Paleoclimate, Paleoenvironment, and Paleoecology of Neogene Central America: Bridging Continents and Oceans (NICA-BRIDGE)
Startdate: 2 March, 2020
Enddate: 5 March, 2020
An International Continental Scientific Drilling Program (ICDP) Workshop
Montelimar, Nicaragua, 2nd-5th March 2020
Lakes Nicaragua and Managua lie in a trench-parallel half graben that formed since the Pliocene and hosts a Quaternary volcanic arc. The lakes are ideally suited for multidisciplinary scientific investigation of long, continuous sediment profiles because of their:
- long records (several Ma) of terrestrial and related marine basin development at the southern Central American margin,
- alternating lacustrine and marine environments,
- proximity to both the older and the younger volcanic arcs, separated by slab rollback,
- significance as a hot spot for biological endemism, and
- strategic location for study of the great American biotic interchange.
The proposed project will combine seismological, volcanological, paleoclimatological, paleoecological, and paleoenvironmental studies on land and in the ocean.
The Sandino Basin, offshore Nicaragua, is the oceanic continuation of the depression in which the lakes are located, and will be targeted for a second, seagoing drilling phase of the project to understand the evolution of the entire complex margin.
We anticipate collecting the oldest lacustrine records in the continental Neotropics, which will enable
- (a) development of a long Neotropical environmental and paleoclimate record,
- (b) determination of the times and rates of marine transgressions and regressions, their tectonic and climatic controls and ecological consequences,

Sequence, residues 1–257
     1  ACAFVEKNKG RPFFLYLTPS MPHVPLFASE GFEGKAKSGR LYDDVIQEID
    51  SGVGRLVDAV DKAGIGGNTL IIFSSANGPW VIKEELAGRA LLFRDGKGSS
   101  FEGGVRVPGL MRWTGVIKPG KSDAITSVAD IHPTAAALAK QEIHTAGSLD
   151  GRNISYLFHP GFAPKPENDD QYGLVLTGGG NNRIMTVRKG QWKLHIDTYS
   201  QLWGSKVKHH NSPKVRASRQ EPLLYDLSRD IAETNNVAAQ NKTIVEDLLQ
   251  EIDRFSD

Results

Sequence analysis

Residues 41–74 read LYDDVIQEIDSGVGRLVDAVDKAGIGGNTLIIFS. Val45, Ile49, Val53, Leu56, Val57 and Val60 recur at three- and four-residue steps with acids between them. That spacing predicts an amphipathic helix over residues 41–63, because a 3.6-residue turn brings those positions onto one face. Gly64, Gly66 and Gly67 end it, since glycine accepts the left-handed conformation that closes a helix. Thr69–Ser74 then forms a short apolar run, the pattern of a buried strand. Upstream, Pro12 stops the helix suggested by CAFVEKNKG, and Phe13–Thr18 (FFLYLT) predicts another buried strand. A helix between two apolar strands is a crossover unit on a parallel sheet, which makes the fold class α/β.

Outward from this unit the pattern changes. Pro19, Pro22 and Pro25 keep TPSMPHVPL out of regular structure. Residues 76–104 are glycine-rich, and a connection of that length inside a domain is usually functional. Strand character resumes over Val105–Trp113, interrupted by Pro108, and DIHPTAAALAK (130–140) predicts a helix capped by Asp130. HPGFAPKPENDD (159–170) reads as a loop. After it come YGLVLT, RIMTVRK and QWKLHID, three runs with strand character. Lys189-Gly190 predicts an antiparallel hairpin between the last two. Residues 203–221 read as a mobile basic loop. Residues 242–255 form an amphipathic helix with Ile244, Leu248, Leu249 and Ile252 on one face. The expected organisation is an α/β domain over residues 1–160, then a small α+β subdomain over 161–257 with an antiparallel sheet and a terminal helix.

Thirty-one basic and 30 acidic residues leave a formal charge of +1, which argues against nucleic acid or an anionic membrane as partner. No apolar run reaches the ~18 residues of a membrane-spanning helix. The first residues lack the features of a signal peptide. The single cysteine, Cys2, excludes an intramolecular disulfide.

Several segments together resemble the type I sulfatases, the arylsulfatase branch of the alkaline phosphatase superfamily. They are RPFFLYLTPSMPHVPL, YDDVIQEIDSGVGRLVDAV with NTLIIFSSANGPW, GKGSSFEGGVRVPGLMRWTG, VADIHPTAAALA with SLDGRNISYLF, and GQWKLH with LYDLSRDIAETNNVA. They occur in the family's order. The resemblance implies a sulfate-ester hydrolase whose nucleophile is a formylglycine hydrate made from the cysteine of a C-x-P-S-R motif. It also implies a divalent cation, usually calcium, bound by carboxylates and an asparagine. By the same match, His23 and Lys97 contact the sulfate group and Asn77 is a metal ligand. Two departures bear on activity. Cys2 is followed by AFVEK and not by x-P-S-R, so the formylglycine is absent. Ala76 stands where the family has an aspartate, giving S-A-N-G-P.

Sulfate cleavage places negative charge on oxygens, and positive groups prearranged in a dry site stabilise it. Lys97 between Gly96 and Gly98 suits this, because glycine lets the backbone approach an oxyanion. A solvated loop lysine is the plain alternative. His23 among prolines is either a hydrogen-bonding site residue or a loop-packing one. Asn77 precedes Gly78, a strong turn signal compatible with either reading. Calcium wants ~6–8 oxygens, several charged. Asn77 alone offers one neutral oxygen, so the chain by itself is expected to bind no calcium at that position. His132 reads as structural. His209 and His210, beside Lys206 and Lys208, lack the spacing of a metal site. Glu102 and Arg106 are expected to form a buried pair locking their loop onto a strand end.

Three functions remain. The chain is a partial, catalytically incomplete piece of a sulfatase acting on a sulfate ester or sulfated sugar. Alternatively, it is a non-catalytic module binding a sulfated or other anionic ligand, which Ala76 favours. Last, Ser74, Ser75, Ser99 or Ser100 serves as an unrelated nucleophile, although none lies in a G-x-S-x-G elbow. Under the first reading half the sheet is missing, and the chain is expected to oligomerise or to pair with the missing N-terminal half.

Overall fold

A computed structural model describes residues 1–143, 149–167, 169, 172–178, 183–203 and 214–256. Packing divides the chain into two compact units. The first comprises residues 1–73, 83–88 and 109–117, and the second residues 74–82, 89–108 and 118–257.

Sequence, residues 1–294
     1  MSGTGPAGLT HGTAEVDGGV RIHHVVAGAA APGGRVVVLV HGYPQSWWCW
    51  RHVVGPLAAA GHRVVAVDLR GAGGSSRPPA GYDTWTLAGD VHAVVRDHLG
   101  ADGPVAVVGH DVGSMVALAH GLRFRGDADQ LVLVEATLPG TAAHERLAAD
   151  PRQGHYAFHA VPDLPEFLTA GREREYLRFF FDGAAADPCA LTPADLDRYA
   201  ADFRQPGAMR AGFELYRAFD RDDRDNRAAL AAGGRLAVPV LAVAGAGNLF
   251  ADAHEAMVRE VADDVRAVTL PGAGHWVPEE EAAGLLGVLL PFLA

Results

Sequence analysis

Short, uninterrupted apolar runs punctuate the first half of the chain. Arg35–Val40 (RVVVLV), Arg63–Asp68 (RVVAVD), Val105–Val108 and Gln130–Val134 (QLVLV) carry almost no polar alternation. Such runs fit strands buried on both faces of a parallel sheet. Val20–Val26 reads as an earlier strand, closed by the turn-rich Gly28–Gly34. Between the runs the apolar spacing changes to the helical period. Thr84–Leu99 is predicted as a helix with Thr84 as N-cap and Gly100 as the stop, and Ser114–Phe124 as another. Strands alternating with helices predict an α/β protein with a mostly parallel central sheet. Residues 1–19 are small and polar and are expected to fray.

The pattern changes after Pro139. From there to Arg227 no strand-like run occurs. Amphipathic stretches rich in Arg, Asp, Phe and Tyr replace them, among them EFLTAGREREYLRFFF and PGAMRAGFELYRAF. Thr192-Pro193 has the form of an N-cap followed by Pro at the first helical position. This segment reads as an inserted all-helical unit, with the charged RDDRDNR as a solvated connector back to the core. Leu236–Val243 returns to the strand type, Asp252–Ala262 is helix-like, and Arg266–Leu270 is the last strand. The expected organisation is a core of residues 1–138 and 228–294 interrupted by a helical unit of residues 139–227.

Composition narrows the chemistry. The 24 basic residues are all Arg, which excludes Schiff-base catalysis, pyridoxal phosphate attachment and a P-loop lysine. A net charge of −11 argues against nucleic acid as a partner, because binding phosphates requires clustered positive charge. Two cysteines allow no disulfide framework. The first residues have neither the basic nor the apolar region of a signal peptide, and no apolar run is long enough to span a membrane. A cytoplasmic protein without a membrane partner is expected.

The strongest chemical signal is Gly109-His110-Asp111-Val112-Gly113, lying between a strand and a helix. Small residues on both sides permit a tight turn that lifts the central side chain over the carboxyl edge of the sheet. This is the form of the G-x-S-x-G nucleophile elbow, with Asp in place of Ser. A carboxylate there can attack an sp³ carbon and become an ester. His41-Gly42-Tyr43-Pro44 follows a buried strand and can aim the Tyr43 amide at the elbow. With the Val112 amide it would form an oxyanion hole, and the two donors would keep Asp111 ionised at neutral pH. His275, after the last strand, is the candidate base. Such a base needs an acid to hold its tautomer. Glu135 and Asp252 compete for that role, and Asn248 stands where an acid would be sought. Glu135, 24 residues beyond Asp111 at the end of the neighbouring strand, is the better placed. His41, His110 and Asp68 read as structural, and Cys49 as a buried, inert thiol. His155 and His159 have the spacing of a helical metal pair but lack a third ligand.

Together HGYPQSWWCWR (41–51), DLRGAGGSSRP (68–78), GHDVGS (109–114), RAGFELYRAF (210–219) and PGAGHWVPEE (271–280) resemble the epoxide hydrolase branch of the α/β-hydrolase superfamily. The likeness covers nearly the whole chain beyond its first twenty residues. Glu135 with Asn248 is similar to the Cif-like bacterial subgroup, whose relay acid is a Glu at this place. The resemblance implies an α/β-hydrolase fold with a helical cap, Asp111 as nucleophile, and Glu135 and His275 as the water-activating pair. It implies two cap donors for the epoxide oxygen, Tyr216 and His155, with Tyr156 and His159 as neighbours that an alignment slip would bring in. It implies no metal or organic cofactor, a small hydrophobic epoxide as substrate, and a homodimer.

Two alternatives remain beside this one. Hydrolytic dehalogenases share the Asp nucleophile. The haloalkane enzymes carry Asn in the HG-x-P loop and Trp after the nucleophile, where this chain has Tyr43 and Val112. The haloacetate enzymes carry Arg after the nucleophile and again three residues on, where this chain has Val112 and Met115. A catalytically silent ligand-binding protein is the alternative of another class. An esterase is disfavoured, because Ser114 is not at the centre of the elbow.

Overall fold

- (c) investigation of recurrence rates and magnitudes of natural hazards,
- (d) identification of constraints on the timing and magmatic compositional changes during shifts of the volcanic arc,
- (e) exploration of linkages between long-term terrestrial and marine paleoenvironmental records,
- (f) assessment of ancient basin development and the deeper structure of western Nicaragua, and
- (g) study of climatic, geologic and anthropogenic influences on biodiversity and limnological variables, and consequent effects on micro- and macrobiota.
We envision a long-term, two-phase project in the region. Phase I will include drilling up to 100-m-long cores, provide pre-site survey data for deep drilling, and confirm the feasibility of achieving the scientific goals in the second, deep-drilling phase. Phase II will also involve IODP drilling of the marine Sandino Basin. Complementary investigation of lacustrine and marine records will be invaluable to achieve scientific goals related to margin structure and basin evolution.
The workshop will be held in Montelimar, Nicaragua, 2-5 March 2020, and will include a field trip to Lake Nicaragua and nearby volcanoes. The workshop agenda will include plenary and working-group discussions, covering drilling targets, scientific goals, the two-phase amphibious drilling strategy and related science plans, in situ investigations, core analyses, scientific collaborations, as well as operations, logistics, funding and permitting. The workshop is convened by Steffen Kutterolf, Mark Brenner, Armin Freundt, Jens Kallmeyer, Sebastian Krastel, Sergei Katsev, Axel Meyer, Liseth Pérez, Juanita Rausch, Armando Saballos, and Wilfried Strauch.
Scientists wishing to contribute to this workshop are invited to submit an application with contact details, a 1-page CV, and a 1-page summary of their relevant expertise and intended project contribution to Steffen Kutterolf (firstname.lastname@example.org) prior to Dec 11, 2019. A scientific committee will decide on invitations and travel support (fully or partially) taking into account the relevance of the applicants’ research relevant to the goals of the workshop, the workshop budget, and the need for balanced disciplines. Early career scientists and scientists from ICDP member countries are encouraged to apply.